Teach Access is a new, unique collaboration among members of Higher Education, the Technology Industry and advocates for Accessibility.
Teach Access is an active collaboration among education, industry, and disability advocacy organizations to address the critical need to enhance students’ understanding of digital accessibility as they learn to design, develop, and build new technologies with the needs of people with disabilities in mind.
Today, education about accessible design and development, where it exists, is producing a very limited number of domain experts. While these experts drive innovation toward the goal of making all technology accessible to everyone, Industry requires even those who are not expert to have a working knowledge of the basics of Accessibility. The Teach Access initiative was created to respond to this pressing need. Incorporating accessibility during product concept and development (and not just immediately prior to a product launch) requires well-trained developers who grasp at least the basic concepts of alternate input, output and navigation modalities.
With our focus on making important advances and changes in how technology is taught, we don’t have a membership model for student or individual membership – our efforts are targeting the leadership of our collaborating organizations and other change agents at universities and corporations.
But we would be happy to add you to our public mailing list for updates. Just contact us to request that we add you to the list. And keep watching our website, Facebook page and Twitter feed for news and other ways you can support our mission.
Both. Teach Access can only reach its goal through collaboration between Industry and Education with the active participation of Accessibility Advocates. For example, Higher Education trains, educates and continually adapts its curricula to the needs of industry. Industry communicates the skills it needs, promotes employment opportunities for graduates, and works collaboratively with Higher Education to develop appropriate curricula. Accessibility Advocates provide essential input into user requirements, advise on Accessibility policy, and actively communicate opportunities and advancements to its constituents.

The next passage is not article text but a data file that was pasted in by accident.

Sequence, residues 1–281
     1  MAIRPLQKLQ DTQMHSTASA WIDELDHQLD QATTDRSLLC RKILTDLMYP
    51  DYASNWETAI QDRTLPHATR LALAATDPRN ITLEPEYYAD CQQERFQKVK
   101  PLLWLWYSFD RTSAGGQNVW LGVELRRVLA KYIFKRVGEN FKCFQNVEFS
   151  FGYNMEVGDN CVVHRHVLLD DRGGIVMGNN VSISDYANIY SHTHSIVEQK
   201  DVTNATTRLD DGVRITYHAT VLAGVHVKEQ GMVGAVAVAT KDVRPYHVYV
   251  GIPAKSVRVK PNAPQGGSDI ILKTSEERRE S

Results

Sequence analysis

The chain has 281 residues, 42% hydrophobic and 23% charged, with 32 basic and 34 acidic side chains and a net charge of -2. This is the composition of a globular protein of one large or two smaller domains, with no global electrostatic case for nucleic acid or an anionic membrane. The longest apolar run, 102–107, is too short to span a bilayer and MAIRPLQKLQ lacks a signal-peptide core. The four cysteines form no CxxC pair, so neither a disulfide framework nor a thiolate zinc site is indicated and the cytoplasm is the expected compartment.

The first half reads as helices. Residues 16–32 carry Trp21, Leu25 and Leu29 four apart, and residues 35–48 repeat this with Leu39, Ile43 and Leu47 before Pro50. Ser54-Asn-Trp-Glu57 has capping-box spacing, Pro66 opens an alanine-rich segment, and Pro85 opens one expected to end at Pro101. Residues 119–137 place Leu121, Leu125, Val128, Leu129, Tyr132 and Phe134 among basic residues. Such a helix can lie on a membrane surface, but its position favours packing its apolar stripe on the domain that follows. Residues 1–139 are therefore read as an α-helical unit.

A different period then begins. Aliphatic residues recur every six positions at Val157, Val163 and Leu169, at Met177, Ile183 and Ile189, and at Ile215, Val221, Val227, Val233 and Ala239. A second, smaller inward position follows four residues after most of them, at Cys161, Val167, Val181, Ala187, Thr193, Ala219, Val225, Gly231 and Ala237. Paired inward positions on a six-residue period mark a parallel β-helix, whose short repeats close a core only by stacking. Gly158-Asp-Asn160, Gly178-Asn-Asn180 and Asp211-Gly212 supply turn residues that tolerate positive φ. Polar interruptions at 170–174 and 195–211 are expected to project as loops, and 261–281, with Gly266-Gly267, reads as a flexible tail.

In essence, it’s a calculation based on demand and supply. As industry demands accessibility skills from its workforce, education consumers demand accessibility training, so they have marketable skills when entering the workforce. With demand for accessibility skills on the rise, education must respond by providing more opportunities for learners to build accessibility skills and knowledge. When this happens, accessibility advocates and experts are there to help education build effective programs.
Technology development is moving faster than ever before. For example, there are now tens of thousands of development teams around the world creating millions of mobile apps. Similar scale is expected for emerging technologies such as wearables, sensors, and more. It is no longer possible for a small cohort of Accessibility experts to be available to each team or to keep up with the unprecedented pace of technology development. At the same time, new technology products are becoming increasingly integral to our ability to work and to conduct our social lives. As a result, making these products accessible is all the more important — and expected. When one considers that legislation in many countries now mandates accessibility for a variety of technologies, the lack of developers with appropriate skills becomes apparent. The need is truly urgent.
Only a small number of introductory and advanced degree programs provide substantive Accessibility education, and as a result the number of graduates in this area is extremely limited. Teach Access applauds these programs and seeks to expand the number of graduates with these skills by incorporating the fundamentals of Accessibility into “non-expert” undergraduate curricula for programmers, designers, and product managers.
No. Teach Access considers Accessibility fundamentals to be vital in the technology curricula of all post-secondary teaching institutions as well as informal and online education. Efforts are even being made to introduce the concepts to high school age students.
Advocacy groups play an important role in Teach Access by providing input and feedback into proposed training curricula, while at the same time recommending policy, providing accessibility expertise, and communicating opportunities for their constituents.
Initially, Teach Access is focused on North America but the program expects to grow and attract members from around the world.